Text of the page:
Most people create an estate plan and then ignore it for years. But you wouldn’t drive a car off the dealership lot and then never change the oil or replace the tires, would you?
The same is true for an estate plan. It needs periodic maintenance too—especially after major life events like a birth, death, marriage, or divorce.
Below are three common problems that tend to crop up when a person doesn’t review their will, trusts, powers of attorney, and other estate-planning documents every now and again.
1. Designating a fiduciary who no longer makes sense
Why is it important to get the fiduciary right? Because the person you pick as fiduciary will have the legal right to make key decisions about your health and finances. For example, if you fall into a coma or suffer dementia, a fiduciary listed in a health care power of attorney will have the right to make medical decisions for you while your agent under a financial POA may control your bank accounts and even have the right to sell your land.
And that’s just the fiduciaries with the right to step in during your life. Afterward, there’s another batch of fiduciaries. For instance, if you created a trust (thus bypassing the court-supervised probate process), then a fiduciary known as a trustee will distribute your stuff according to the trust document. Or if you did not have a trust (either because you selected a will or did not bother with any estate planning), then your stuff will need to go through probate. For the six months to several years this process lasts, your stuff (i.e., your estate) will be managed by a fiduciary known as either an administrator or an executor.
In all of those cases, your fiduciary is legally obligated to act in your best interest. But experiences vary and someone who may have been a good fit for the role when you created your estate plan may no longer be so 10 years later whether because of age, a move, a deterioration in your relationship, or something else.
2. The kids have grown up
When you have underage kids, you have one set of estate-planning decisions to make. When they become adults, you have a different set of decisions to make.
For underage kids, the major question is who should be guardian if both parents pass away unexpectedly. For people with trusts, the other issue is how to distribute trust assets, with the answer usually being something like distributing the assets in several chunks such as a third at age 25, another third at 30, and the rest at 35.
For adult kids, the relevant questions tend to morph into: Are they financially responsible? What if they get divorced? And what’s the best way for me to pass my assets to them?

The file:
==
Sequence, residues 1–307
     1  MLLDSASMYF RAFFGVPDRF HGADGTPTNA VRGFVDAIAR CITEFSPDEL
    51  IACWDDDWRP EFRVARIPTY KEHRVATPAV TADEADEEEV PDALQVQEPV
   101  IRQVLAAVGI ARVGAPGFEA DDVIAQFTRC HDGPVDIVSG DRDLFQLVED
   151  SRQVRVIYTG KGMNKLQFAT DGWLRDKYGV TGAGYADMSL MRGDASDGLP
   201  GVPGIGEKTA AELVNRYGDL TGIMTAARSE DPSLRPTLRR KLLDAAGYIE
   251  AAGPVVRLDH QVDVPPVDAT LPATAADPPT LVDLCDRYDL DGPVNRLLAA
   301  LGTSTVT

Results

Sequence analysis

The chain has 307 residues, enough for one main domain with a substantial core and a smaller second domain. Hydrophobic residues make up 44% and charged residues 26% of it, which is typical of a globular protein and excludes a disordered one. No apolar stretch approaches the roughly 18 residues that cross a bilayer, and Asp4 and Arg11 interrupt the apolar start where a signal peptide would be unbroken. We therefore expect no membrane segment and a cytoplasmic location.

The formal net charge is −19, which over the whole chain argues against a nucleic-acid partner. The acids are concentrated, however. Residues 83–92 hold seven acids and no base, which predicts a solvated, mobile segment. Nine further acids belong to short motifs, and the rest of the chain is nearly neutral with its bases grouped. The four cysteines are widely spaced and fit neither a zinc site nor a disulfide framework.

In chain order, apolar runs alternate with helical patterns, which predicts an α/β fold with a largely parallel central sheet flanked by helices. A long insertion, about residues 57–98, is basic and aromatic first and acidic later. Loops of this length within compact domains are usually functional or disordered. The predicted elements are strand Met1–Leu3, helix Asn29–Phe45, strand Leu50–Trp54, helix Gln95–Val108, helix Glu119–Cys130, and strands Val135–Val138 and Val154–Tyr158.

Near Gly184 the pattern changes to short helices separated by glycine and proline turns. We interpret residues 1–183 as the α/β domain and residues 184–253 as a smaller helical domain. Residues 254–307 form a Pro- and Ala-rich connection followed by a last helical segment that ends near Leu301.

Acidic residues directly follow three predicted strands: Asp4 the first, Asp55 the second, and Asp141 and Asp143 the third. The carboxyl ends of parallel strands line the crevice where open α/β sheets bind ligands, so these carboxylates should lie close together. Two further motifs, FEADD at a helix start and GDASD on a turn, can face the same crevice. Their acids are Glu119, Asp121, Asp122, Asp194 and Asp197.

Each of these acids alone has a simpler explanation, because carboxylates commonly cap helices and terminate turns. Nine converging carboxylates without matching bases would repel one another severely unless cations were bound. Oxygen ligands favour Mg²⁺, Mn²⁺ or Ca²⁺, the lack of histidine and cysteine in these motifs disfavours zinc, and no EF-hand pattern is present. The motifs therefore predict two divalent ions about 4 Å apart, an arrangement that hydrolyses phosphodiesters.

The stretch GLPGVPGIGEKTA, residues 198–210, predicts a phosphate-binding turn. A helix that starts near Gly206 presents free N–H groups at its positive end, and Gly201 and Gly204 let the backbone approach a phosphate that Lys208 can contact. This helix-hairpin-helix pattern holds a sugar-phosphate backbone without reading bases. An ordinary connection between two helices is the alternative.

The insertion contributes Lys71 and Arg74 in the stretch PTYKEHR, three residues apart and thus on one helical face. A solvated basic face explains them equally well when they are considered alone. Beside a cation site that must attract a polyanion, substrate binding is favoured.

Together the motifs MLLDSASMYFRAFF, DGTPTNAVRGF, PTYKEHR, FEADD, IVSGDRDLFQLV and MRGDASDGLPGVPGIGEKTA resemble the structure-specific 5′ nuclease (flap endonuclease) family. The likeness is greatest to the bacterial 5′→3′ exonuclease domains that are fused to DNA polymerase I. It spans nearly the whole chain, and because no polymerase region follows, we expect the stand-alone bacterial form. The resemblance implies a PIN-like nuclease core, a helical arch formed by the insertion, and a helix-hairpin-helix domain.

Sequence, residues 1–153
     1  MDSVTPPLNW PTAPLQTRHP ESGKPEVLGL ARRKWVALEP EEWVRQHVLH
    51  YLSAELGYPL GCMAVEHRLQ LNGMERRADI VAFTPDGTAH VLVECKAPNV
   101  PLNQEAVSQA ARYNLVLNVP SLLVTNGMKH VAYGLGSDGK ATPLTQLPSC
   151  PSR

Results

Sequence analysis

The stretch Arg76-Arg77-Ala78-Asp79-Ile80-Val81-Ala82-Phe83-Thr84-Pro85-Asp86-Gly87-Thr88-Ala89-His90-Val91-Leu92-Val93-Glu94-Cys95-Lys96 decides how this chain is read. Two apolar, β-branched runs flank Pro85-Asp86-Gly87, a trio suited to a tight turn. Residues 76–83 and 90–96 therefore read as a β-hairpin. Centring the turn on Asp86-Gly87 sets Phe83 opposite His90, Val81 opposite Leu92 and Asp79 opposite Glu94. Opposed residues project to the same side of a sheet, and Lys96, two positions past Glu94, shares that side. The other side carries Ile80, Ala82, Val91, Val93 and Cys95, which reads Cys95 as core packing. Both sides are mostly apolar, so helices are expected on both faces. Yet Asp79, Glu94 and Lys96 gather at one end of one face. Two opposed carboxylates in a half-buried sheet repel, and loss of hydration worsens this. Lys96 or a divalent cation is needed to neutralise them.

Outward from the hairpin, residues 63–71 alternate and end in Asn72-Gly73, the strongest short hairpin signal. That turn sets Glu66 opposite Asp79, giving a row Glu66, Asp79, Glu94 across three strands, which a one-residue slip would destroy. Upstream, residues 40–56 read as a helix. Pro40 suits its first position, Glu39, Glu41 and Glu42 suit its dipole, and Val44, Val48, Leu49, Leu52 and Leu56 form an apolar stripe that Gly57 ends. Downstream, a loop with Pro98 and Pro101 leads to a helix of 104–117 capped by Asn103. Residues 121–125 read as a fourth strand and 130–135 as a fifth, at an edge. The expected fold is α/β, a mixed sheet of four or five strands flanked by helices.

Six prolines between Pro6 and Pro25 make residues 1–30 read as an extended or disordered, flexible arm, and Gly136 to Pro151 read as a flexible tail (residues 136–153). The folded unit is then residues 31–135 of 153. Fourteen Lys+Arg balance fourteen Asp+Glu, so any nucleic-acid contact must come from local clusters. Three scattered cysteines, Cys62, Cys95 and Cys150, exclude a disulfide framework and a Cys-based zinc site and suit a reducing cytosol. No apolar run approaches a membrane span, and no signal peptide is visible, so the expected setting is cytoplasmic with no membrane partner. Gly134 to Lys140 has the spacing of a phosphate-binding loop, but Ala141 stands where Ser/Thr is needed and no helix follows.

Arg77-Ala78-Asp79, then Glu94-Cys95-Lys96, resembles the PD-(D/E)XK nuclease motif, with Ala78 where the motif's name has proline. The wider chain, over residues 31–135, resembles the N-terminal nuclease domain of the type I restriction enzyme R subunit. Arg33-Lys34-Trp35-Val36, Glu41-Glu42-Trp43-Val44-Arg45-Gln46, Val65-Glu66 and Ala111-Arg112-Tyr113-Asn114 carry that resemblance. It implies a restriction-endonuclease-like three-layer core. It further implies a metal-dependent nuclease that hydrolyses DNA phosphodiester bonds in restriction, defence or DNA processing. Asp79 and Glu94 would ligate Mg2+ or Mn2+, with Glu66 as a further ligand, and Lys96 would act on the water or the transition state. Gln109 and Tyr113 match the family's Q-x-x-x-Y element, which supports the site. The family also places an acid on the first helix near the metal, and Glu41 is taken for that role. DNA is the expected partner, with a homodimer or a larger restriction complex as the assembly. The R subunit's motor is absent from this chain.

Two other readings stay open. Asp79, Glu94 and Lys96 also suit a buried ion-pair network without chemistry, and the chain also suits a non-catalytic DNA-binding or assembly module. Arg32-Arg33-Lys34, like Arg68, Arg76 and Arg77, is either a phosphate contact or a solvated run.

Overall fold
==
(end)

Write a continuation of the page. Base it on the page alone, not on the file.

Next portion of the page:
If your kid is lousy with money or not ready to handle receiving a bunch of money at once, you may want to impose some safety nets to reduce the potential damage. For example, to use the 25-30-35 scenario just discussed, if your kid receives a third of the money when they are 25 and they waste it, they’ll have extra chances to do better at 30 and again at 35.
If your kid is in a rocky marriage, you may not want your kid to inherit everything at once because while the inheritance will initially just go to your kid, those assets will likely get commingled into the marital finances. When that happens, it will become fair game in a divorce.
And if your kid operates a business, rents out property, or does something that might put them at higher risk of being sued, you may not want them to get all of their inheritance at once either. That’s because the money would become accessible to your kid’s creditors. By contrast, if you keep the money in a trust, and give the trustee proper instructions, that inheritance is much more likely to wind up with your kid rather than their creditors.
3. Not addressing HIPAA
HIPAA stands for the Health Insurance Portability and Accountability Act, a 1996 law that created national standards for protecting the confidentiality of your medical records and personal health information. As part of that, HIPAA established serious fines if your health care provider gives out that information improperly.
The upshot is that your estate-planning documents need to address HIPAA. Otherwise your health care provider will not freely share the information with the correct people. And that, in turn, will delay or impede health care decisions at critical moments.
This issue can be solved through a standalone document known as a HIPAA Waiver, which says that your designated agent can view your medical records. Or it can be handled by including a HIPAA waiver in your living will, advanced health directive, and medical power of attorney.
This column is for informational purposes only and is not intended to be taken as legal advice. For your specific case, consult a lawyer.